Selecting Your Watermelon – A Decision Not To Be Taken Lightly
It’s official. Watermelon season is here. Not that you can’t get a melon the rest of the year – you can, but to me it has always been a summer treat.
Time For Some Adventure
The easiest way for me to get my watermelon fix is to buy one at the grocers. They come all cut up in plastic containers, and you can actually see the edible product. It’s expensive, but basically foolproof. But, come on. Where’s the fun in that?
To me the whole scene is more than just eating. I want the whole experience. The whole enchilada, so to speak, and that includes going to the farmers’ market and selecting my melon. I have to admit, I have not done well in the past. There have been too many times I’ve experienced the heartbreak of seeing a melon I had such high hopes for ending up being a total disappointment. In previous years my batting average has been about 50%, which is pretty good if you’re playing for the Cubbies, but I think I can do much better.
Selecting Your Watermelon (Not For The Faint Of Heart)
I’ve made a study of melon selection, and I can’t wait to try my new-found knowledge. I’ve broken it down in certain criteria to help me in making my decision:
Seeds or no seeds? Many aficionados think the melons with seeds are sweeter, and, of course, you need seeds to spit. This talent needs to be taught to each generation so it can be passed down over time.
Pick it up. It should feel heavy for its size; after all, it’s 92% water.
Check it over. It shouldn’t be too large or too small. It should be green and appear dull on the outside. A shiny melon is a clue that it’s not yet ripe. It should be firm and symmetrical in shape. Some minor scratches are okay, but avoid the ones that have major bruises or scars. The web-like brown spots mean that there has been bee involvement regarding pollination, and that also makes for a sweeter melon. Web-like is good.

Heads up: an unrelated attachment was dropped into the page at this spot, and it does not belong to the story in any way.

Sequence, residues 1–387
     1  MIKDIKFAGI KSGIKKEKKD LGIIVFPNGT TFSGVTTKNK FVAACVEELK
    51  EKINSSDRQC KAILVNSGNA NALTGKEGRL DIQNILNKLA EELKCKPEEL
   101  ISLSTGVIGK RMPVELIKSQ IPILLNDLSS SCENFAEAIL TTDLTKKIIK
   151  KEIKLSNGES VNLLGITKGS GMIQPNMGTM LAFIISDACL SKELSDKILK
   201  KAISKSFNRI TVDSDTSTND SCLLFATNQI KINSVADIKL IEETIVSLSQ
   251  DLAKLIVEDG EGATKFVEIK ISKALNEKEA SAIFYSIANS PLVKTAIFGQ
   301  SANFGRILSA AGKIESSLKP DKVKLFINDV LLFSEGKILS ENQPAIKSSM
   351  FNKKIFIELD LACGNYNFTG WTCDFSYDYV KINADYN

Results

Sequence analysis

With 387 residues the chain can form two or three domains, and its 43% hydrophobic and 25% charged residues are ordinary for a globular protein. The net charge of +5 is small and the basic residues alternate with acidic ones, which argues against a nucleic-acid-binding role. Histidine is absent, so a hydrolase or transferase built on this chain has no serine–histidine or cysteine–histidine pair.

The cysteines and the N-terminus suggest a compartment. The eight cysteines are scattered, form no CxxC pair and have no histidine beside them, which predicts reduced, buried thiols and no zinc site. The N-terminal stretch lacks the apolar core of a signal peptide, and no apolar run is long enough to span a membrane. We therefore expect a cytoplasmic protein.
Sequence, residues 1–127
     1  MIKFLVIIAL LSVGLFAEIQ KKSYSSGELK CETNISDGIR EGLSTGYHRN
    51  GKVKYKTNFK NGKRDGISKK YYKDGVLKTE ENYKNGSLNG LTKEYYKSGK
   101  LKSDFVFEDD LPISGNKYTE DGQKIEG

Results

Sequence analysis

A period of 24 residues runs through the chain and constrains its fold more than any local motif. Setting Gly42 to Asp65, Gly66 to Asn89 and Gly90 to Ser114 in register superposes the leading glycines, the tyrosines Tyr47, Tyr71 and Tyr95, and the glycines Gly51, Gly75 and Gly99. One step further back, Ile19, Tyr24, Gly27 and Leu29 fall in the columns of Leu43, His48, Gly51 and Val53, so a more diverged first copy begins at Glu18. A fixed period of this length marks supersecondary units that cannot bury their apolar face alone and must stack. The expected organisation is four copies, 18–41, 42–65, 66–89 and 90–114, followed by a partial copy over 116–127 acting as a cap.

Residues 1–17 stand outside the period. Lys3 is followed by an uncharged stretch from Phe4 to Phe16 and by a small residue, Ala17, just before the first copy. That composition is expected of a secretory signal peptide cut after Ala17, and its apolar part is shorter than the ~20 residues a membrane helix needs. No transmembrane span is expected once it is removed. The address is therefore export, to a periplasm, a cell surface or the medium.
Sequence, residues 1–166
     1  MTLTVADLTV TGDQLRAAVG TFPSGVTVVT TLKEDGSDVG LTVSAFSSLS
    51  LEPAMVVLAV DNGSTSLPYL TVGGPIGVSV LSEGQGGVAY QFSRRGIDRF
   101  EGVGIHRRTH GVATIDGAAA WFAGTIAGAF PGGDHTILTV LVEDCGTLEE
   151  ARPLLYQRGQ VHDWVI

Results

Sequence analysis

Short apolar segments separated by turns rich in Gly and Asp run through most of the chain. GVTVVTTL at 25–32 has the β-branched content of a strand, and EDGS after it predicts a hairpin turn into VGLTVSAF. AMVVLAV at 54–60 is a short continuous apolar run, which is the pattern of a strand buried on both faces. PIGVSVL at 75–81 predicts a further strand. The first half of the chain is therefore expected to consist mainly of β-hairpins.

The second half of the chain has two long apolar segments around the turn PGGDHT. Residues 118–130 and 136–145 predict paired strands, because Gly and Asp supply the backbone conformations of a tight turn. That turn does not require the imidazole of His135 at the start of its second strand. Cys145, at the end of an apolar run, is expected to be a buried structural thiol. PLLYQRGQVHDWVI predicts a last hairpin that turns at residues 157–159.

There are gender differences. The “boy” melons aren’t as round (more cylindrical) and have a watery taste. The “girl” melons have a round shape and are considered to be sweeter (go figure), so there’s evidently some type of hanky-panky going on in the patch that I won’t speculate on.
If you are a “thumper,” give it a good thump. It should sound hollow and not dull or deep. One article said a ripe watermelon should produce a B-flat sound. Really. Most say the “thumper test” is not very reliable because it is too subjective. I personally think it is good theater. I plan to put my ear close to the melon, give it a good rap, and then nod my head and say, “This is the one. A perfect B-flat.”
Trying not to make eye contact with the watermelon, check its tail. If it’s green, it was probably picked before its prime and will not be ripe enough. A dried tail indicates the melon is ripe.
There seemed to be consensus in that the best indicator for ripeness is the garden spot (the place on the melon where it had been making contact with the soil). Some call this the “splotch” which coincidentally is the sound it makes when striking the pavement after being thrown off a 3-story building. The splotch should be yellow. If it’s white or greenish, it’s not ripe yet. It was probably picked too soon.
You’re Almost There
Your work is now half-done. Gingerly carry it home and cut it up. Now don’t get all anal and think the cut-up pieces have to be a uniform size. The don’t. There is a great site called KITCHN 100 that tells you how to do this (https://www.thekitchn.com/how-to-cut-up-a-watermelon-step-by-step-tutorial-221100). Never expose the cut melon to refrigerator temperatures below 40-degrees F, as this could damage the fruit. A whole, uncut watermelon can be stored in the refrigerator for up to a week before it needs to be used.
And there you have it. No by guess or by golly. You are now a knowledgeable watermelon shopper and in for a heavenly treat. Mark Twain was once quoted as saying, “When one has tasted it, he knows what the angels eat.” Bon Appetit.